I try to learn as much as I can when I watch Project Runway - mainly because the fashion world is so alien to me and I find it a great mirror to what's going on in the "culture industry". Since the American culture is a merchant culture, most of what is considered "culture" is what you can sell. Fashion is a prime example of this.
I work in an environment (MIT) where my usual wardrobe of kakis and a polo shirt is considered haute couture and I've never had the money to develop into being a flashy dresser. So watching young fashion designers trying to make their mark in an environment where there appear to be really no real overt rules except for how Michael Kors happens to feel on a particular day is quite different and interesting.
This is what I have gleaned so far on this television anthropology field trip:
- In order to get anywhere you really need a flashy name. There seems to be some confusion as to whether you actually need to produce good work to support it - I guess that it's sort of a chicken and egg thing. I do know that preferably it should be one name only or at least not more than two syllables. In response to this, I am seriously considering changing my name to Mondo. There's a certain ring to Mondo T. Spriggs and I wouldn't have to change my initials.
- You have to be creative and out there, but you can't offend anyone or be "vulgar." This is actually the main skill of fashion design - being creative without upsetting anyone and it's a neat trick since in order to be creative you have to break rules. But, I guess, you have to break just the right rules in this context. I think that this is why so much of this kind of design leans toward the ridiculous. Being ridiculous is a way of being creative and being dismissed all at the same time. If you're dismissed, then no rules have really been broken since you haven't upset anyone.
- Old people can't really design. Sure, they always put a token on the show - this year it's a woman with the unfortunate name of Peach - but the chance that you're going to be "cutting edge" (the definition of which seems to change from day to day) after 40 is not that great. I think that the reason for this is has something to do with the fact that the people who buy these type of clothes (mainly middle aged women) buy them to look younger than they are, not their age. And then there's the fact that these buyers would, given the choice, probably prefer looking ridiculous than stodgy.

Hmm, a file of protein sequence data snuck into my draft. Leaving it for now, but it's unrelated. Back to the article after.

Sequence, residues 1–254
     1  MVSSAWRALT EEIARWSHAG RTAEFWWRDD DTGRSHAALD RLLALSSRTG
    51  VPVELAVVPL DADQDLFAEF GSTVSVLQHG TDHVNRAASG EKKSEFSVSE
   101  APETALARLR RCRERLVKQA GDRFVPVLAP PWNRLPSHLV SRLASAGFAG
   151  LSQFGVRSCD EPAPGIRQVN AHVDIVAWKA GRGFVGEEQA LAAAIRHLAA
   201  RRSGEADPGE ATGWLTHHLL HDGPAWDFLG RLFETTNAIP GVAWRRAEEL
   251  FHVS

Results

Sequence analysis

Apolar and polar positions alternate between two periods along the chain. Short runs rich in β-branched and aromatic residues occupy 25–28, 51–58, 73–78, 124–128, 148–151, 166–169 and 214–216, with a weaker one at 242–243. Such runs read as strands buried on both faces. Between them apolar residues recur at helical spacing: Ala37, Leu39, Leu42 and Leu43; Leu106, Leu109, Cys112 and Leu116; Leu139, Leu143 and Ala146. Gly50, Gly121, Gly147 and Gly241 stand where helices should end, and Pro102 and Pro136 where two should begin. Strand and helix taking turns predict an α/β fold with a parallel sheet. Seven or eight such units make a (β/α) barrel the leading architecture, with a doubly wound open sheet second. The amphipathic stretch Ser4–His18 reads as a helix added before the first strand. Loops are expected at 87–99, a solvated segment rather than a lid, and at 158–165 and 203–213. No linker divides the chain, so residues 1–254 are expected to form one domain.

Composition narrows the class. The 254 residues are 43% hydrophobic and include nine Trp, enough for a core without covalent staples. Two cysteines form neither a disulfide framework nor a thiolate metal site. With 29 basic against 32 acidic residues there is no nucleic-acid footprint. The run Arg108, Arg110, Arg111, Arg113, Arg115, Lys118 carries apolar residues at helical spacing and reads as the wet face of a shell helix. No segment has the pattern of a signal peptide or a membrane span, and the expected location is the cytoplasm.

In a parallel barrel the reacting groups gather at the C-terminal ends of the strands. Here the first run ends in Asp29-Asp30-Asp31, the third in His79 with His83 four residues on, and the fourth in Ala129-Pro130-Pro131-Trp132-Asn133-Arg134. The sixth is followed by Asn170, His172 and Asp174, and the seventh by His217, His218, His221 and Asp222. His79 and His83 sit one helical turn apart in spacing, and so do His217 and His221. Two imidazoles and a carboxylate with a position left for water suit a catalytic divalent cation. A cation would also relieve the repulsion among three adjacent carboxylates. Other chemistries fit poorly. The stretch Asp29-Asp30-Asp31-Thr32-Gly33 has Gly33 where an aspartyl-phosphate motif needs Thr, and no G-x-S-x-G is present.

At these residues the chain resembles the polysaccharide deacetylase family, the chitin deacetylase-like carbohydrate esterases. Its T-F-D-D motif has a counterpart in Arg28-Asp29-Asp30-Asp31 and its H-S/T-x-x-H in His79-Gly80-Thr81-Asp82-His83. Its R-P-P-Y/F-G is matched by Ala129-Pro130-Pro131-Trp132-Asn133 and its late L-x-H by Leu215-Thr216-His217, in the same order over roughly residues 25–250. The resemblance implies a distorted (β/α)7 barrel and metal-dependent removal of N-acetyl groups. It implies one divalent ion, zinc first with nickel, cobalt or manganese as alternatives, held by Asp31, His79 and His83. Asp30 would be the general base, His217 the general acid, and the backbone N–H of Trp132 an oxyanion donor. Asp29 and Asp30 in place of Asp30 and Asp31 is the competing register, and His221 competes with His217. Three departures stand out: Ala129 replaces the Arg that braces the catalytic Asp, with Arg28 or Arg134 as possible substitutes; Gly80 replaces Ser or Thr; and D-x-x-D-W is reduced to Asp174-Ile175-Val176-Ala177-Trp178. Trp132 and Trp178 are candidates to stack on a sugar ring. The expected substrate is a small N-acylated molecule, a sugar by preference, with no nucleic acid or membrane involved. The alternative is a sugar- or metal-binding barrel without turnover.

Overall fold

- You have to have "passion" but the right kind of passion and in the correct amounts. You've got to want to be X so much that you would die (or at least kill) for a chance to be successful. Also, it has to be directed passion. Having passion for the Red Sox or Ferraris won't make it. It has to be directed toward your individual success within a very narrow definition of what success is. And, of course, being successful in this way mainly depends on having the technique that you use to create what you have envisioned which really has nothing to do with passion. So you have to be able to deal with your own overweening ambition, have a cool enough head to solve problems with good technique, have a sense to how far is too far in your design, and enough social savvy to sense if Michael Kors had a bad run-in with a bran muffin earlier in the day. And you wonder why these people have problems adjusting to consensual reality?
- Father figures are a necessary part of the creative process. Doesn't matter if they might be gay, there has to be someone who can authoritatively exhort you to "make it work" when you've made a mess of a pile of organza or tell you to pick yourself up and clean out your space once you've been drop kicked out of Fashion World for some sort of heinous crime against the Fashion Goddess.
- There can only be one. There's only one brass ring and you can be fantastically creative and it won't mean a damn thing because creativity only means something when you win, win, win.
- Life is hard. One day your're in and the next day your out, and you have little control over this status. Life is essentially random. And the only thing that matters is if Michael Kors likes you or not.